When I first started taking Kundalini Yoga classes, I was perplexed by “Sat Nam” — the most common mantra of the tradition. We were instructed to silently vibrate  “Sat” on every inhale and “Nam” on every exhale.

Right away, I questioned. I didn’t know what my teacher meant by vibrate. So, I thought the sounds. We were told that “Sat” means truth and “Nam” means name and translated the phrase means, “Truth is my name.” Huh? I wonder if everyone keeps one skeptical eye open, as I did, when they first hear about this technique and mantra.

It doesn’t make a lot of literal sense, but this is part of its beauty. Over the years, I relaxed and tried and kept both eyes closed as I thread the mantra through my consciousness —silently thinking “Sat” on my inhale and “nam” on my exhale. Over time, it became an automatic focus when my mind wandered in yoga.

Through the years, my interpretation of “Sat Nam” has shifted and evolved , and I’m sure it will continue to. One of the things I’ve come to appreciate most about it is how open it is — big and wide enough to find my own way.

And my way isn’t a literal understanding. It’s an embodied, yet amorphous, sense of truth, which at times I feel as the divine spark within, or the creative force in the universe, or my inner voice. One of my teachers said “You are Sat Nam” once in class and I experienced that as a realization that I can’t really articulate.

I understood the mantra well before I got what it means to vibrate. Now I see vibrating as a way of letting the sound be in my consciousness without  the effort of thinking, moving away from the thinking mind. It’s a very subtle thing.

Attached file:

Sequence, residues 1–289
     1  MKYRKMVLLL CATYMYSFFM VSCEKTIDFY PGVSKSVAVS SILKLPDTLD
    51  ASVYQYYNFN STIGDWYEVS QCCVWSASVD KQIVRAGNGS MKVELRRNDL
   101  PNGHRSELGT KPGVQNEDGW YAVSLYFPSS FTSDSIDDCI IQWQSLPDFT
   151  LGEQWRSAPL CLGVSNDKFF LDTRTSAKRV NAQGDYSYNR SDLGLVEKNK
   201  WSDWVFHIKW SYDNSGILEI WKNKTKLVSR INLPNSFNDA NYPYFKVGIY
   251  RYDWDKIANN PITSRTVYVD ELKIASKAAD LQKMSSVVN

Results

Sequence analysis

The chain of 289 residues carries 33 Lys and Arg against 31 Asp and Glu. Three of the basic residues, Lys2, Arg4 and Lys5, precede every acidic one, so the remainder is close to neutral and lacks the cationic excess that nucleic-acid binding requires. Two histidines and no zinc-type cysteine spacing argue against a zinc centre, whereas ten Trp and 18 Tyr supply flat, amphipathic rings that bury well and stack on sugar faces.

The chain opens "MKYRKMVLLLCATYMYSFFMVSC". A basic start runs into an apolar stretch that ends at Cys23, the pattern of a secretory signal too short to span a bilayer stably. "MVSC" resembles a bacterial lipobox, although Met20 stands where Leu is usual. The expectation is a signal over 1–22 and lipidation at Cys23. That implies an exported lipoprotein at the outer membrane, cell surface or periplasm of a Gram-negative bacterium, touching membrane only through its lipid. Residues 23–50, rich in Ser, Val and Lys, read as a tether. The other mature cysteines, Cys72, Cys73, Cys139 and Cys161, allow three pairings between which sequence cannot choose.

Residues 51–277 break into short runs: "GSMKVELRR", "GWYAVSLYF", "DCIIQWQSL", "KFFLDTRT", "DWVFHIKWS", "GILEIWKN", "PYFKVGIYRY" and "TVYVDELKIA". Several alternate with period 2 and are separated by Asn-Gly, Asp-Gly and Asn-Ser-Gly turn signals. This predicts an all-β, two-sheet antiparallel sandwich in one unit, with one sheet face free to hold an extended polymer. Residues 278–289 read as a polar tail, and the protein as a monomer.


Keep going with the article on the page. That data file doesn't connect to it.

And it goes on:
Of course, the way the mantra weaves it way through me and finds moments of expression will be very different from how someone else engages with these two little (yet so very big) words. You may want to experiment with it, especially if you find it difficult to quiet the mind. This mantra could become an invaluable tool.  Here are three easy ways to begin working with “Sat Nam.”

1. Silent Repetition. As you inhale, silently vibrate the word “sat.” As you exhale, vibrate “nam.” You can do this as a meditation, sitting in easy pose with the eyes closed, or you can do it as you practice a yoga sequence.

2. Chanting Long Sat Nams. You can also chant. I like to do this along with a track, like the one below by Joe Panzetta. A beautiful way to  chant and get the mantra in your body is to begin in easy pose with the hands in prayer and then open the arms wide (as if you’re opening up to give someone a hug) as you chant a long “Sat” and bring the hands back to prayer as you chant a brief “Nam.”

3. Use as a Greeting. If you go to a traditional Kundalini Yoga studio, you may be greeted with “Sat Nam.” It’s used much in the same way as “Namaste” is used in other yoga traditions to mean, “I recognize the light in myself. I recognize the light in you.”

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